Terrence Malick's The Tree of Life - the film that was awarded the main prize in Cannes

2. 7. 2011 / Ema Čulík

I love film because of its power to move, to inquire, to examine and to entertain. Its emotional strength allows it to be deeply inspiring and spiritual and the greatest filmmakers have taken on the most complex and deep of human problems in this art-form.

In his The Tree of Life Terrence Malick takes on the biggest of all such questions with gusto and unbridled ambition as he seeks to inspire wonder at being a parent and indeed being a human being -- and how to do both these things honestly, lovingly and morally.

The film centres around one American family in the 1950s, headed by a brutally (and often unfairly) strict- though deeply loving - father, played by Brad Pitt with relish, as always, and his gentle and loving dreamy wife. Both parents love their three sons dearly and the film begins with a letter informing them that one of their boys has been killed at the age of nineteen.

The film floats from the parents mourning to the oldest son Jack's adulthood between details of memory -- rays of light, ripples of water, wind in the curtains, floorboards, books, flowers, elbows, tangles of hair -- and the story of Jack's growing up and his moral battle between the philosophy of goodness and honesty nurtured in him by his parents, his father's cruel hypocrisy, living in the society of his peers, and trying to just be a boy and follow the instincts that come along with that, while not upsetting his beloved angelic mother. The pace and construction of the film are true to memory in their similarity to a patchwork, the brightness of some moments and the shadowy nature of others.

Some of the film is shown from the point of view of the adult Jack as he looks back on his father's harshness with understanding and his mother's love with tenderness. The atmosphere of the family and the troubles of growing up and raising a child in this complicated world are put across sensitively and warmly. But they are but a small part of Malick's vision. From the little universe of the domestic he leaps off into the expanses of the cosmic. As the bereaved mother mourns her son and prays passionately to God for some comfort, the grass and trees turn into gorgeous abstractions of light and colour, stars and space and flames and tumbling waters. We dive into Kubrick's 2001 à la 2011.The fabulous CGI creations take us to eternity and back. This is a filmic attempt to see God himself. And one admires Malick's audacity at trying to take on such a task. Certainly much of it is very impressive but perhaps such things we were not meant to see, as the trajectory of wonder that Malick planned for us goes too high, too fast, and we end up falling back down to Earth in confusion and embarrassment.

Often the most moving stories are the ones that are on the smallest scale. They allow us to really feel the truth of a situation and in it we can maybe glimpse a small corner of eternity. In The Tree of Life, Terrence Malick puts together such small-scale truths with large-scale mysteries. He contrasts the absolutely personal and intimate with the universal and massive. It is clear that he equates the value of the family experience to the immense power and majesty of nature, the ocean, outer space. As the father says, "You are all I have and all I want to have". This idea is convincing and justified, but it did not manage to transport. The images on screen were always beautiful and moving in of themselves, but when they were piled up on top of each other, there was a danger of getting lost. Remembering the film now, the concept of cosmic volcanoes and sparkling nebulae backed by the barely audible whisper of the praying voice of the mourning mother (despite being a native English speaker I had to read the Czech subtitles throughout to understand) sounds like a beautiful and powerful combination but at the time, the jump between domestic mother and bubbling lava was a little too great to make.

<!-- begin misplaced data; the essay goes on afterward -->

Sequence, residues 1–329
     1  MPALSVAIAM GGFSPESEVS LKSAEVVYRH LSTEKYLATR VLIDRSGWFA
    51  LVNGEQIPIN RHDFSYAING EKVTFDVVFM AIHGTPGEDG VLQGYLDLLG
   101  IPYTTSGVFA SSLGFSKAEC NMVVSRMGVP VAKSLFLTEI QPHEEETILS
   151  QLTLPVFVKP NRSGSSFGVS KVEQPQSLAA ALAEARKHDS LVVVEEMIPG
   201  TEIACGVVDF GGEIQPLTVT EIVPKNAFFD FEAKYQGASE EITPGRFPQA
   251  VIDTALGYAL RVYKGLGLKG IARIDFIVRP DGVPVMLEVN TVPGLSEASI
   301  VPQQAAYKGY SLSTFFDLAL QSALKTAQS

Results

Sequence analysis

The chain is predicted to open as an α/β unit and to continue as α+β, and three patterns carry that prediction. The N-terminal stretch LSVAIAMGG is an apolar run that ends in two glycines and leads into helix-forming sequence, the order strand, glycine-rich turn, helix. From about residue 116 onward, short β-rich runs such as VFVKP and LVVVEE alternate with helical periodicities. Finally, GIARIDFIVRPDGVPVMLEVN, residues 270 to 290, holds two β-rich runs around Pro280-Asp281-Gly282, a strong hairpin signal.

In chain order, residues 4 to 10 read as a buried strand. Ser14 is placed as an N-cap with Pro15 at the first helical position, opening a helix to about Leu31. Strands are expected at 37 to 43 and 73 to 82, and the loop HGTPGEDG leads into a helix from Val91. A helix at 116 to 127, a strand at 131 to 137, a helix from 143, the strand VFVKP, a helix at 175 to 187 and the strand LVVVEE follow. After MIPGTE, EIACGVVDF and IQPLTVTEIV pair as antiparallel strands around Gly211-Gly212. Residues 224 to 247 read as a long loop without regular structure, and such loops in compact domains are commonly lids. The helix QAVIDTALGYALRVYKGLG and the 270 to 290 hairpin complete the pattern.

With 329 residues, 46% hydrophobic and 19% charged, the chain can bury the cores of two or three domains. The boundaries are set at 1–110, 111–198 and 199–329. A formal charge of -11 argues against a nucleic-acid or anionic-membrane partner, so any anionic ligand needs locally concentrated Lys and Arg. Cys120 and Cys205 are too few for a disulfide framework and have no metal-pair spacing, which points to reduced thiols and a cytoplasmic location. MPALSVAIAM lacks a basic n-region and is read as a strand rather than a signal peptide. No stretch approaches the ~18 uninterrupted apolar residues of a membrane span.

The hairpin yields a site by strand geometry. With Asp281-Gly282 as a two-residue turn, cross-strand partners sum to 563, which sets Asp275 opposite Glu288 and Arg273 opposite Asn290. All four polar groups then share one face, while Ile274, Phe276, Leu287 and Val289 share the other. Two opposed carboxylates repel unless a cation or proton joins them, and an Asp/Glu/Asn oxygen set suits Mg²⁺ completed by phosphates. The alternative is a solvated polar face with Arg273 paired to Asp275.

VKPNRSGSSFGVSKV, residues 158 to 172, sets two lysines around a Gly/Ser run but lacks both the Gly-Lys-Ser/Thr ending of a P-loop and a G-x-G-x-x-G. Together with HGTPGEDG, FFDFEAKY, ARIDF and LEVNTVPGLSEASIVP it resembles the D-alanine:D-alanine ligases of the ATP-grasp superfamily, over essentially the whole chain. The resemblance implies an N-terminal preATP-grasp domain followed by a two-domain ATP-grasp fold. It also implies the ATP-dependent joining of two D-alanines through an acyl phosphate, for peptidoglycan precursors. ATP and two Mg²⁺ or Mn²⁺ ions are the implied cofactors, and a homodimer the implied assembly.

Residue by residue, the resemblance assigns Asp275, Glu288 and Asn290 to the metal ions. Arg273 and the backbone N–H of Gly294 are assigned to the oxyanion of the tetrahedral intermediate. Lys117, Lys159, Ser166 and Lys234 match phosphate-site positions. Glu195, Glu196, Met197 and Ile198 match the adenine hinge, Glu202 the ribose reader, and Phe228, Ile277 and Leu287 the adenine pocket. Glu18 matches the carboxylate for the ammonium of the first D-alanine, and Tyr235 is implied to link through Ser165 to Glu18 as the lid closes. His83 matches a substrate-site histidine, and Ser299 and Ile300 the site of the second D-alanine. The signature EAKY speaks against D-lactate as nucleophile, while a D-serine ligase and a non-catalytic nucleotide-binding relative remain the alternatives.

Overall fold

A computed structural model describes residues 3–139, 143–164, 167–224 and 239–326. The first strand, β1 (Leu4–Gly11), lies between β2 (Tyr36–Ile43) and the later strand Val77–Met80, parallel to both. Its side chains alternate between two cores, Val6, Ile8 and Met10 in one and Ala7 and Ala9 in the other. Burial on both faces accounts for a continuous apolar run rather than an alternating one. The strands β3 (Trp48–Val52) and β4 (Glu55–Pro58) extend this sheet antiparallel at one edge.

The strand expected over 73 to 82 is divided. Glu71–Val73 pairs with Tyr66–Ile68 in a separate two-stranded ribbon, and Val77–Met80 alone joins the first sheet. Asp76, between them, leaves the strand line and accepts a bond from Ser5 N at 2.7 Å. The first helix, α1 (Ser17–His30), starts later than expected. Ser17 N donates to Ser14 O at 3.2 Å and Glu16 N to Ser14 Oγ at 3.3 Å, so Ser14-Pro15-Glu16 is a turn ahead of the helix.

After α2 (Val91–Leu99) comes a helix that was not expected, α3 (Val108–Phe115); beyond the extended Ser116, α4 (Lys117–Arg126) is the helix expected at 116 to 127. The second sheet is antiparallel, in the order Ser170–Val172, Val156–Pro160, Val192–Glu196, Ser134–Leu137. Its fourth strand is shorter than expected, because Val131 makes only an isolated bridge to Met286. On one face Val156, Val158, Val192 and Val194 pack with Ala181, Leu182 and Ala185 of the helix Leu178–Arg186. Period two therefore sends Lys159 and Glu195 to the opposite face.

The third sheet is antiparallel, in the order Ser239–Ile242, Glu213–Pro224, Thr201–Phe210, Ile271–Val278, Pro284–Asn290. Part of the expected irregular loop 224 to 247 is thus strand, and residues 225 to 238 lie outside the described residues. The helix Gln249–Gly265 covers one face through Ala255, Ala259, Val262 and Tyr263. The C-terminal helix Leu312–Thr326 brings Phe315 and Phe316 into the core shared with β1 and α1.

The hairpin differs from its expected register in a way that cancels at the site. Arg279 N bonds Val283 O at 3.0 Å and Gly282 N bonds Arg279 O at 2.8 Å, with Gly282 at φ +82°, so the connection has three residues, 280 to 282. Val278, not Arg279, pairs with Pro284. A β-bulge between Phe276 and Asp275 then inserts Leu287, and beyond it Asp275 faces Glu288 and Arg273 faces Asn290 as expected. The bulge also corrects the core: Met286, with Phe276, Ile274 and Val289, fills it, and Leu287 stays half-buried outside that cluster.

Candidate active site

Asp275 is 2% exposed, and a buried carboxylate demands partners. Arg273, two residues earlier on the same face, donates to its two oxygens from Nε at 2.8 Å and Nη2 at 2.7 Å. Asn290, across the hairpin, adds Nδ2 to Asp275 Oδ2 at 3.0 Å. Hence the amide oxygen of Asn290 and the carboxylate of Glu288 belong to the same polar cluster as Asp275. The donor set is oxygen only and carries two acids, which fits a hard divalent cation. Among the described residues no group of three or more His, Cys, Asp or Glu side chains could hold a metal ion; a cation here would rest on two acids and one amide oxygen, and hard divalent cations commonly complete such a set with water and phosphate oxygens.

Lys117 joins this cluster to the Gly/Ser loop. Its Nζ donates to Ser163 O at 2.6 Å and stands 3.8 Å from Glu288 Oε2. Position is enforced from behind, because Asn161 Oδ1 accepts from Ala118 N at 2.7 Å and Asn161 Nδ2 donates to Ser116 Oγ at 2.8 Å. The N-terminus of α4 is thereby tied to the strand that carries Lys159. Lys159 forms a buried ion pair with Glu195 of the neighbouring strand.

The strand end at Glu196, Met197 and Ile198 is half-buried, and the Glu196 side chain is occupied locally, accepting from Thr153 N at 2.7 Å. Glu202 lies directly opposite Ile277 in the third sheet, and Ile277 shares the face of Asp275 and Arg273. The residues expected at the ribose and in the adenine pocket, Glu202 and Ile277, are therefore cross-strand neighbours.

Though this film might have flown a little too high at times, and its amassment of beautiful images turned at times into a slideshow of nature's majesty, still it said some truly beautiful things. "To love is the only way to be happy. If you don't love, life will slip by." This comment was the most powerful for me, and the film certainly expressed this idea, and not only that, but made us feel the truth of it. We felt it through the mother's obvious tenderness, the father's deep love buried in chastisement, the sons' constant desire to live by the principles instilled in them by their parents, or even in Malick's love for this world, despite the pain, the disasters, the way we let each other down. Love, he says, is the sincerest way to be good, to live morally in spite of the troubles of other people, of accidents, and the cruelty of nature. The family sections of the film are filled with this question - "How can I be good, when the world around me is not?" and though the abstractions and flights of fancy sometimes seemed a little off track, what they did do is add an extra depth to these problems, one that is more complex than "good vs evil". One that, though we may not have seen God himself, we did see the marvellous mystery and complexity of his world.


Obsah vydání | Sobota 10.12. 2016